Cup of Nirvana Philosophical and Contemplative Explorations

Dancing Lovers

“You may be a lover but you ain’t no dancer.”
                                              – Paul McCartney


I. Love is a Dance

When I strip away all the romantic drivel and idealistic bullshit that buries our ability to distinguish fact from fiction, I see very clearly that one person loving another person, even in the most committed relationship, is just a shared and often clumsy dance to a common song that plays for a time. The dance may be brief, or it may last many years. It may even occupy a large period of one’s overall life.  Eventually, however, it will end, because, in the words of the Buddha, “whatever arises also passes away.”  So enjoy the dance with all the passion you can muster, but remember, it’s just a dance, just a dance.
You and I are utterly irrelevant in this thing called “love,” just as we are utterly irrelevant in the vastness of the cosmos, its evolution, and eventual annihilation.  The cosmos is the dance.  What is happening right now is this dance.  What you call your “self” is a movement in the dance, and so in the dance and expressing it, but in an important sense utterly irrelevant to it.  It isn’t that you exist and this “you” is irrelevant.  It’s that there is no “you” there in the first place to be either relevant or irrelevant.  Phenomena we call thoughts, feelings, and sensations – Yes. But at the heart of these experiences there is no “you” to be found. An apparent you – Yes.  There is only emptiness that manifests now and then as the person you take yourself to be.  When it is clearly seen that “I” am absent, life becomes playful, and this playfulness is the precondition for experiencing love as the dance.


For a long time I thought that what made love so difficult was impermanence, the impermanence of the world, self, and thus all relationships.   I’ve concluded that what makes love so difficult is actually the belief and subsequent interest in permanence and the acquisition of an identity from the apparent other.  The problem isn’t that the world (or our experience) is a particular way, namely impermanent.  It’s that we are attached to it being something or someway other than it is.  From this arises the belief that impermanence threatens rather than enhances or enriches love and relationships.

II. She is not My Other Half

What does this “being in love” mean?  Among other things, a most powerful, very powerful attraction.  What does this attraction mean?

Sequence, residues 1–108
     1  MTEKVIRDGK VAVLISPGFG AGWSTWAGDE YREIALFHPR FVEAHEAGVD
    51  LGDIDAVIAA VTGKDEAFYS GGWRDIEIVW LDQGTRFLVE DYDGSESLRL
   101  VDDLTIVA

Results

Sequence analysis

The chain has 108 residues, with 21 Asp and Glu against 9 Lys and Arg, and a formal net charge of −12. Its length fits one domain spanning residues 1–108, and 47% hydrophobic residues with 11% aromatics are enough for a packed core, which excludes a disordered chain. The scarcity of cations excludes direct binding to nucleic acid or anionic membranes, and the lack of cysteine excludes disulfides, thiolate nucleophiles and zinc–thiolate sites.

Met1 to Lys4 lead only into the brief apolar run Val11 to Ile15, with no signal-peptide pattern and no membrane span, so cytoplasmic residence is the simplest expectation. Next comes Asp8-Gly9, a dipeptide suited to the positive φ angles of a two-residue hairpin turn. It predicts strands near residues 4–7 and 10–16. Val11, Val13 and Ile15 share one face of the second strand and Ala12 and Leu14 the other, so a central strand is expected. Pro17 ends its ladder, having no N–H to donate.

If I truly understand what my attraction to her means, I will clearly see that it’s not a call to get something from her that I lack within myself; rather, it’s a revelation of what must be sought within myself.  Her beauty truly lies concealed within my own heart as my own inner beauty. She is perhaps a poet, maybe a singer, a repository and transmitter of eternal wisdom, or a healer of the psyche.  Maybe she’s a wonderful cook, someone with a contagious sense of humor, or someone who quotes my favorite authors. The irresistible attraction I feel towards her is my very self beckoning me to return to the depths of my inner life and find her beauty as my own.  It’s the inner invitation of my unconscious life to discover myself as the poet, singer, philosopher, healer, or cook, and then to cultivate this beauty as my own, as a lotus flower arising from my own heart.

If I take this path, I become a giver of the beauty I find within myself, not one who steals the beauty of another.  My love becomes a movement of myself, clearly seen, towards another also clearly seen.  I see her as she is because my projection is withdrawn, and I need nothing she freely gives. She cannot complete me. This is know. I’m already complete in myself.  I cannot love her on account of what she gives. I can only love her for who she is.

She is not my other half. I’m not her other half.  We are each already whole.  Therefore, our love lacks nothing, needs nothing, not even each other. This love, and this love alone, is capable of consciously and richly giving itself.

III. The Self Searching for Love is Searching for Itself
When there arises in you a desire for another to complete you, inquire into the origin of this desire. The desire to be completed by another is none other than some part of you seeking completion beyond itself. The essential thing to see is that beyond this part is the whole, and you – not another person – are that.
The search for love “out there” in a person or relationship will always disappoint.  It isn’t that love is not found out there, but there really is no “out there” in which love is found.  If you find love in another, it’s because it has been first realized in yourself.
When your attraction to another repeatedly brings you back to yourself, to your own inner depths, to experience your inner life, however blissful or painful, with utter clarity and the most intimate tenderness, you are prepared to give love to another like never before.  You are prepared to dance.  You are prepared to be a dancing lover.


 Michael Sudduth

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